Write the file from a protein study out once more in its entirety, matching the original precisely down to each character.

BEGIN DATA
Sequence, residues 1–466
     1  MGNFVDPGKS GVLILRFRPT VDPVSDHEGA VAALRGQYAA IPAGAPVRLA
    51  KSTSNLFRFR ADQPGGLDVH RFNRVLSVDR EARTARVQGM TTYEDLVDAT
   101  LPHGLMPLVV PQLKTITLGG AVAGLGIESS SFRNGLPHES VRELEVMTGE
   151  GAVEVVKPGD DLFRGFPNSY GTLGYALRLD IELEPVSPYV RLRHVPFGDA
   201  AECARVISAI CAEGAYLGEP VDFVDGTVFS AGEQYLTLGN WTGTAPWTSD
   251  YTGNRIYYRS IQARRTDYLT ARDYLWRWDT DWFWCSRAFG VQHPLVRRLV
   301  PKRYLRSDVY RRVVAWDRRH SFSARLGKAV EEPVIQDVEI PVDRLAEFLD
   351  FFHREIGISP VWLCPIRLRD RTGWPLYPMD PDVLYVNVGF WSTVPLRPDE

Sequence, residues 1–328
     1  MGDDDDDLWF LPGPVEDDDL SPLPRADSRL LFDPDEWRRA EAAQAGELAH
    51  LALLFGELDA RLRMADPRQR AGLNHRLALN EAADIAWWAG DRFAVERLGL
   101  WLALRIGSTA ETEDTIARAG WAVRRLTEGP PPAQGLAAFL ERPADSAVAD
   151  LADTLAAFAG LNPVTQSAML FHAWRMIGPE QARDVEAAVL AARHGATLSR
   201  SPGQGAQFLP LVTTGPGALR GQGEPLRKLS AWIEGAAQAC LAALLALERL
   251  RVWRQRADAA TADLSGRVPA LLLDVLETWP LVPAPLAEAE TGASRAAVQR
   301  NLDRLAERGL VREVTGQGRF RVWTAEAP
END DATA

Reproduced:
Sequence, residues 1–466
     1  MGNFVDPGKS GVLILRFRPT VDPVSDHEGA VAALRGQYAA IPAGAPVRLA
    51  KSTSNLFRFR ADQPGGLDVH RFNRVLSVDR EARTARVQGM TTYEDLVDAT
   101  LPHGLMPLVV PQLKTITLGG AVAGLGIESS SFRNGLPHES VRELEVMTGE
   151  GAVEVVKPGD DLFRGFPNSY GTLGYALRLD IELEPVSPYV RLRHVPFGDA
   201  AECARVISAI CAEGAYLGEP VDFVDGTVFS AGEQYLTLGN WTGTAPWTSD
   251  YTGNRIYYRS IQARRTDYLT ARDYLWRWDT DWFWCSRAFG VQHPLVRRLV
   301  PKRYLRSDVY RRVVAWDRRH SFSARLGKAV EEPVIQDVEI PVDRLAEFLD
   351  FFHREIGISP VWLCPIRLRD RTGWPLYPMD PDVLYVNVGF WSTVPLRPDE

Sequence, residues 1–328
     1  MGDDDDDLWF LPGPVEDDDL SPLPRADSRL LFDPDEWRRA EAAQAGELAH
    51  LALLFGELDA RLRMADPRQR AGLNHRLALN EAADIAWWAG DRFAVERLGL
   101  WLALRIGSTA ETEDTIARAG WAVRRLTEGP PPAQGLAAFL ERPADSAVAD
   151  LADTLAAFAG LNPVTQSAML FHAWRMIGPE QARDVEAAVL AARHGATLSR
   201  SPGQGAQFLP LVTTGPGALR GQGEPLRKLS AWIEGAAQAC LAALLALERL
   251  RVWRQRADAA TADLSGRVPA LLLDVLETWP LVPAPLAEAE TGASRAAVQR
   301  NLDRLAERGL VREVTGQGRF RVWTAEAP